While every other team seeks dominant ball-carriers to burst open defensive gaps, the Boks have them sprouting from every limb, but that is not without its problems as chief powerhouse, Willem Alberts, is a doubt for Sunday because of a damaged shoulder, suffered in one of his 19 tackles at the Millennium Stadium. While Meyer said he would not risk him if not pain-free come Sunday he wants the big hitter at Murrayfield.

It will be a formidable pack in any case, as Bakkies Botha makes his return after seemingly retiring after the Rugby World Cup in 2011. Botha comes into the side in place of Eben Etzebeth, whose running battle with Jim Hamilton in Nelspruit in the summer cost the Scotland lock ten minutes in the sin-bin and potentially Scotland the game, while veteran prop Gurthro Steenkamp and hooker Adriaan Strauss replace Tendai Mtawarira and Bismarck du Plessis in a new-look front row. In the back division, the unpredictable new running threat Willie le Roux returns at full-back with Patrick Lambie, he of Scottish grandparents, taking over from Morne Steyn at fly-half.

South Africa will monitor the fitness of Steyn (back), named on the bench, and Alberts and if the flanker fails to regain full fitness, Siya Kolisi will bring a more typically athletic openside threat to the back row.

So there is a bit of experimentation going on with the Boks, as there is with Scott Johnson’s home team selection, and that may create cracks Scotland can exploit. This will be tighthead prop Frans Malherbe’s first game with Strauss and Steenkamp, though the 22-year-old sent a clear message to the coaches, with 15 tries in a strong display in the loose in Cardiff.

Botha’s return, alongside a relatively new occupant of the five jersey and lineout caller, Flip van der Merwe, is particularly interesting. The 34-year-old lock moved to Toulon and has become a legend there, but he is back with the national squad on this tour and has been handed the opportunity to prove that his ability still matches his desire to represent South Africa.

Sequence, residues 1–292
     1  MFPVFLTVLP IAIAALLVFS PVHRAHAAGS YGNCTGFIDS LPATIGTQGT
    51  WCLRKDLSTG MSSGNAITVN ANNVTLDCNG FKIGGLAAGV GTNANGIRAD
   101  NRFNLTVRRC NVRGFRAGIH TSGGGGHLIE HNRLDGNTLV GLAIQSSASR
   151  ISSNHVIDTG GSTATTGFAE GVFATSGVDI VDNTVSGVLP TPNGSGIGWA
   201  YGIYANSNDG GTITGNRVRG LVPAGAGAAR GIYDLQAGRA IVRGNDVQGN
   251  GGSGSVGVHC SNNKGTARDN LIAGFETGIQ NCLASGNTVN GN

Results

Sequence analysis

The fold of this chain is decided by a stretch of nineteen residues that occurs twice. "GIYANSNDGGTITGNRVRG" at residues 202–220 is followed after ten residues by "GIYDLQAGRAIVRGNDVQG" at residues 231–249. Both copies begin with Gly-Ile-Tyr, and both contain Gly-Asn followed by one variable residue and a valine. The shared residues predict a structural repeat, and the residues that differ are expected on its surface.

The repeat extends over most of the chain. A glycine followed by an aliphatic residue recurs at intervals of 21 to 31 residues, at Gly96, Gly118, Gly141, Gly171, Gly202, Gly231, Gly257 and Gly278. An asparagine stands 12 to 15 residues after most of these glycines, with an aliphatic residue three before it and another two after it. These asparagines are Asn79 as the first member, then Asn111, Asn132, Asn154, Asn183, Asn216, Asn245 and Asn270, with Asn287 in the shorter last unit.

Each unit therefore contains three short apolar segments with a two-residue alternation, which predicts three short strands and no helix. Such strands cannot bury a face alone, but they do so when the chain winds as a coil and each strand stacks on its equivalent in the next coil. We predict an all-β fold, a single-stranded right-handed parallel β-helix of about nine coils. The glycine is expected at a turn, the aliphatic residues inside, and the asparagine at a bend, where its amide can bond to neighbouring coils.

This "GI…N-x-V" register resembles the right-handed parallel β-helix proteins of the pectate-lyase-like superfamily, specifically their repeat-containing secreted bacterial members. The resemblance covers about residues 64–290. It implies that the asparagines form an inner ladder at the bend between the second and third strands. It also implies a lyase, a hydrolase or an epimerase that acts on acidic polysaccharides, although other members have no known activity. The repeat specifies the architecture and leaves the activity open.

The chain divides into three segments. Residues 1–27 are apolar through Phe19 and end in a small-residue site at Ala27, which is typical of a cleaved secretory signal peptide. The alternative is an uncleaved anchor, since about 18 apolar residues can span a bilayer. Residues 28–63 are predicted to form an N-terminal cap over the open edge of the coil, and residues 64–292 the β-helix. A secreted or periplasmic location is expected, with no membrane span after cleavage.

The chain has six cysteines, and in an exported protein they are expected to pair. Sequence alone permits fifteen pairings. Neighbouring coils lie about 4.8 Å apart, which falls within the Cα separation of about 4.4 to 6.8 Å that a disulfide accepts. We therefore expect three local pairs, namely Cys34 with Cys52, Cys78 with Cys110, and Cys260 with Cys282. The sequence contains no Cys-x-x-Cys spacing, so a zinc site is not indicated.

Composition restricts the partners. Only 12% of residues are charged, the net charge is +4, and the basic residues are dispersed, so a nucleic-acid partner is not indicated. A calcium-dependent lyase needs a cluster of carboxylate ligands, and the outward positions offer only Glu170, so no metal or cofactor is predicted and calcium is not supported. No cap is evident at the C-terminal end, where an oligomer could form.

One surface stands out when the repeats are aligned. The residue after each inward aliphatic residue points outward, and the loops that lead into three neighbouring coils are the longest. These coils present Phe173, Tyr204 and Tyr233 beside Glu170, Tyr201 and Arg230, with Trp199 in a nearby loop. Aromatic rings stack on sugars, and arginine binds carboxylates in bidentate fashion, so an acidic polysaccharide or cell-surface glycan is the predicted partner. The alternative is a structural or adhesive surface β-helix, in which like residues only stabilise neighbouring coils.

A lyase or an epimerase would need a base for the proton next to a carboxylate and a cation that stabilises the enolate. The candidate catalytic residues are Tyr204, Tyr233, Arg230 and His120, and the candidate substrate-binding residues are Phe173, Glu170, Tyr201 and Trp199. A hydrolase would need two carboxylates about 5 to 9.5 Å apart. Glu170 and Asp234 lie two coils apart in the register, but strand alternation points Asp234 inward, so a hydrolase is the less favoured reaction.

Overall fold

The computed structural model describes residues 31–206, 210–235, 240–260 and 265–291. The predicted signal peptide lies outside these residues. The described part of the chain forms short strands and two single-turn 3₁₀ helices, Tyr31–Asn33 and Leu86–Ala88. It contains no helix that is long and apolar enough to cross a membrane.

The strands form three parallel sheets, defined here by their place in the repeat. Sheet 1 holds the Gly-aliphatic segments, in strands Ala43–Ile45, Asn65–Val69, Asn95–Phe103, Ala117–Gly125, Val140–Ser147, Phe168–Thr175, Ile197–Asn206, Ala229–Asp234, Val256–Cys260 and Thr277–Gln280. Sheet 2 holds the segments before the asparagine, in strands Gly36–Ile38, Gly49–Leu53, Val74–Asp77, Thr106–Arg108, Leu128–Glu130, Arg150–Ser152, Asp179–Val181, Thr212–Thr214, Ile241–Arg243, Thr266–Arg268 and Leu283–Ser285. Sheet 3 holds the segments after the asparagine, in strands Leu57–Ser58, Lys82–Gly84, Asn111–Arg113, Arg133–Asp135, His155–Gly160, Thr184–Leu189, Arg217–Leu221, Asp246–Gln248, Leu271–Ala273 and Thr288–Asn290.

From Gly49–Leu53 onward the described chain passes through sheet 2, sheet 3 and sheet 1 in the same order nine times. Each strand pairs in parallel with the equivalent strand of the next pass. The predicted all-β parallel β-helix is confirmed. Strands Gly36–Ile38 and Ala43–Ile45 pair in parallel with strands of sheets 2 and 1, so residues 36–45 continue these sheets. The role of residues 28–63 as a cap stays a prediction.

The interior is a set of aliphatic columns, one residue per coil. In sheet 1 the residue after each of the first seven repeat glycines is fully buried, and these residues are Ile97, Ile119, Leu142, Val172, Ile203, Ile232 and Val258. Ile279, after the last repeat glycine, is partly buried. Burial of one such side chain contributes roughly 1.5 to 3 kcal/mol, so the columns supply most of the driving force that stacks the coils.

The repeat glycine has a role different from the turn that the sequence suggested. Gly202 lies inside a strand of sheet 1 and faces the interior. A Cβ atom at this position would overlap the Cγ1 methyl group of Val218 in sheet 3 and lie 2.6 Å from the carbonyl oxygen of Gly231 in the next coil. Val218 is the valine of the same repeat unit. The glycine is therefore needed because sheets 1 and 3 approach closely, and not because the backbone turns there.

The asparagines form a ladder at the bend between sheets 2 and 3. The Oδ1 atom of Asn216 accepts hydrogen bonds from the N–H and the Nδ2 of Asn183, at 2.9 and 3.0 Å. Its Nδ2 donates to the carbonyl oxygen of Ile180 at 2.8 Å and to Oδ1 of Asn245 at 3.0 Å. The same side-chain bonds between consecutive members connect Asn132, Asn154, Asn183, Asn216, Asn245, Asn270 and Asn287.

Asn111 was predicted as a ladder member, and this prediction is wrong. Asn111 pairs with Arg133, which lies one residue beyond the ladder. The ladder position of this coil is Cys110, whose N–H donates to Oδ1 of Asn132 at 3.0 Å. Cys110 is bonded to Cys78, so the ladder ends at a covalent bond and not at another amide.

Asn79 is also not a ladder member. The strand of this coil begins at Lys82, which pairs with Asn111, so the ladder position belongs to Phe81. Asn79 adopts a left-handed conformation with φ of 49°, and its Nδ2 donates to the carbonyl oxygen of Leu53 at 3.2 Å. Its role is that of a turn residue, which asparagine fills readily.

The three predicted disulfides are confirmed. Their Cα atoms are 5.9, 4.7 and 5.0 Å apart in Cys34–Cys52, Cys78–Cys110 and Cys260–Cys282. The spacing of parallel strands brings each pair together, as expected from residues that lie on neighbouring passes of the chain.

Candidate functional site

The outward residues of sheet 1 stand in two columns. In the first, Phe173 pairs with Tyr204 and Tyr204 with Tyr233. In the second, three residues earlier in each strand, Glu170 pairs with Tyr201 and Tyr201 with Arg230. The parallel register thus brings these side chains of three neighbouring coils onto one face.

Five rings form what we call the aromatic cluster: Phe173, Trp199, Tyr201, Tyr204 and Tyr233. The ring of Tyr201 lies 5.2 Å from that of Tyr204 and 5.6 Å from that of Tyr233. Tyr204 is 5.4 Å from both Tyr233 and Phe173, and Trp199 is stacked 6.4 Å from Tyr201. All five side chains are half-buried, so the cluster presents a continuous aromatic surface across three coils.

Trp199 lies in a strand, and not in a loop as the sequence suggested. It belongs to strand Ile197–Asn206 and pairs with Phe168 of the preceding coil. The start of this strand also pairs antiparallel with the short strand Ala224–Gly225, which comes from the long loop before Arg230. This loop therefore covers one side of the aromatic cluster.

“We want to see where Bakkies stands,” Meyer explained. “He has been brilliant with the team and he has brought some fresh vibes, and while he will not like me saying he’s old he has been great with the youngsters.

“I had a discussion this morning with Bakkies and I first want to see if he’s good enough; that’s always been the most important thing in team selection for me. He’s been really good in training and I’ve been impressed. I have coached Bakkies since he was about 20 years old and since he joined us [in tour] he’s in probably one of the best conditions I’ve seen him in, but guys have to show that they are still good enough to play for South Africa.

“He has been really great for the team and he is here to serve, and has talked to the youngsters, given them advice and got them up. So it’s up to him.”

Meyer is an astute character, and there is a genuine respect in the way he discusses and dissects Scotland and where they could cause his team problems. So while pleased with the improving breakdown skills, he rates Scottish locks Richie Gray and Jim Hamilton highly and is concerned about the lineout. He is aware of the new attacking dangers in Scotland’s back line, Sean Maitland in particular having missed the summer tour due to Lions duty and Duncan Taylor offering something new, so for all the talk of improving their attack, one expects also to see some trademark bruising Bokke rugby on Sunday.

“We got our tour off to a good start last week against Wales in Cardiff and the focus this week has been on further improvement in a number of key areas of the game,” Meyer added, “but we know this will be a very tough Test match. Games with Scotland always are.”